Iran city hits suffocating heat index of 165 degrees, near world record
Posted on August 1, 2015 by The Extinction Protocol August 2015
– Wherever you live or happen to travel to, never complain about the heat and humidity again. In the city of Bandar Mahshahr (population of about 110,000 as of 2010), the air felt like a searing 165 degrees (74 Celsius) today factoring in the humidity. Although there are no official records of heat indices, this is second highest level we have ever seen reported. To achieve today’s astronomical heat index level of 165, Bandar Mahshahr’s actual air temperature registered 115 degrees (46 Celsius) with an astonishing dew point temperature of 90 (32 Celsius).
This 165 reading, recorded at 4:30 p.m. local time Friday, comes one day after the heat index soared to 159 degrees (70 Celsius) in the same location. Bandar Mahshahr sits adjacent to the Persian Gulf in southwest Iran where water temperatures are in the 90s. Such high temperatures lead to some of the most oppressive humidity levels in the world when winds blow off the sweltry water. In southeast Iran, also along the Persian Gulf, Jask, Iran observed a heat index of 156 degrees (69 Celsius) on Friday (air temperature 102.2 degrees with a dew point of 91.4 degrees).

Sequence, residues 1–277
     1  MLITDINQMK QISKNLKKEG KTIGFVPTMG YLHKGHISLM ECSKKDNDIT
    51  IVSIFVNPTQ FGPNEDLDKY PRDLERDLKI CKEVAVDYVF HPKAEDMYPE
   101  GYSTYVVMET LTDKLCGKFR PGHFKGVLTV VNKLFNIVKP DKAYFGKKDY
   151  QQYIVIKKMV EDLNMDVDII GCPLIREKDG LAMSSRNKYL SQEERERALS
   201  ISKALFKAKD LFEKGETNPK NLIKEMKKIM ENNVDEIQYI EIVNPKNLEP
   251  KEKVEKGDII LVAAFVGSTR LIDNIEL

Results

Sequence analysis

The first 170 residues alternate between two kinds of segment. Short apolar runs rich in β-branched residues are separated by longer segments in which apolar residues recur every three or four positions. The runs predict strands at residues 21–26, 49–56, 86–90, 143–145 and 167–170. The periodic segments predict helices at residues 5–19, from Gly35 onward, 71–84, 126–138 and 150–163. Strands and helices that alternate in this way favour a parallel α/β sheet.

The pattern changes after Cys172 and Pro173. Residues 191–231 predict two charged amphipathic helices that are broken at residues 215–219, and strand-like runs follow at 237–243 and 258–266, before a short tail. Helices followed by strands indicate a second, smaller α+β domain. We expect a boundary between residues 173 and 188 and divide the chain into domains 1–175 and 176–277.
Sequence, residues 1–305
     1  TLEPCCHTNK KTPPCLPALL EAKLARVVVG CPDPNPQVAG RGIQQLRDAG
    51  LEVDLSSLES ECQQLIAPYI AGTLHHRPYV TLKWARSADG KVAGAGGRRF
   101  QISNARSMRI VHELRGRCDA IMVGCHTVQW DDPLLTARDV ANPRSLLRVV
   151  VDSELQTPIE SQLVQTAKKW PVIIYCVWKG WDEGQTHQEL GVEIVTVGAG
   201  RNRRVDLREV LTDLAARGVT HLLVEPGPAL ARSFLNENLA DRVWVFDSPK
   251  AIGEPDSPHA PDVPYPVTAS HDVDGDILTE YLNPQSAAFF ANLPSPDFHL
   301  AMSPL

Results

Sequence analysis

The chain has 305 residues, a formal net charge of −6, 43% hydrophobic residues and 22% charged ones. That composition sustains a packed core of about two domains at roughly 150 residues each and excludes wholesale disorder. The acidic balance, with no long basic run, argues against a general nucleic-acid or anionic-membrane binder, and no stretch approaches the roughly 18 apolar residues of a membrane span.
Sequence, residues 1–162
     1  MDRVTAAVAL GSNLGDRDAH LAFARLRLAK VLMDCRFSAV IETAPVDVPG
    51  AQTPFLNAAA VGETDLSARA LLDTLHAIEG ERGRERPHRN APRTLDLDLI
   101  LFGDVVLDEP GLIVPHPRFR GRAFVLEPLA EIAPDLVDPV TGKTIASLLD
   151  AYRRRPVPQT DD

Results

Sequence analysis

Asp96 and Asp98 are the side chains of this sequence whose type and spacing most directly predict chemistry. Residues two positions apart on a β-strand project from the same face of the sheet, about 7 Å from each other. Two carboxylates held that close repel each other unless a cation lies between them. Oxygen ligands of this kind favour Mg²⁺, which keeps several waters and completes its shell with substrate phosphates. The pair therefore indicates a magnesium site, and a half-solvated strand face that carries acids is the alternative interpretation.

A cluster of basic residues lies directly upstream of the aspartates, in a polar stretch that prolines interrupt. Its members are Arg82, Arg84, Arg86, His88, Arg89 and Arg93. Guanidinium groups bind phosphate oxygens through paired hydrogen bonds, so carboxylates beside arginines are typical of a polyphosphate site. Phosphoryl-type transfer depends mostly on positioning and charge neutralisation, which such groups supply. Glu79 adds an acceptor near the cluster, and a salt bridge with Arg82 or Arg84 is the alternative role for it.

Although there are no official records, 178 degrees (81 Celsius) is the highest known heat index ever attained. It was observed in Dhahran, Saudi Arabia on July 8, 2003. In his book Extreme Weather, weather historian Christopher Burt says Dhahran, also on the Persian Gulf, registered an air temperature of 108 degrees (42 Celsius) and a dew point of 95 (35 Celsius), which computes to such an extreme heat index level. This week’s extreme heat index values have occurred as a punishing heat wave has engulfed the Middle East.
On Thursday, Baghdad soared to 122 degrees (50C) – though its dew point was a lowly 44 (7 Celsius) given its desert environs. That combination produced a heat index of 115 – the dry air taking a slight edge off the blistering temperatures. A massive high pressure ridge or “heat dome” responsible for the excessive heat doesn’t look to budge for several days, at least. – Washington Post
contribution Sarah L. K.
Thanks to: https://theextinctionprotocol.wordpress.com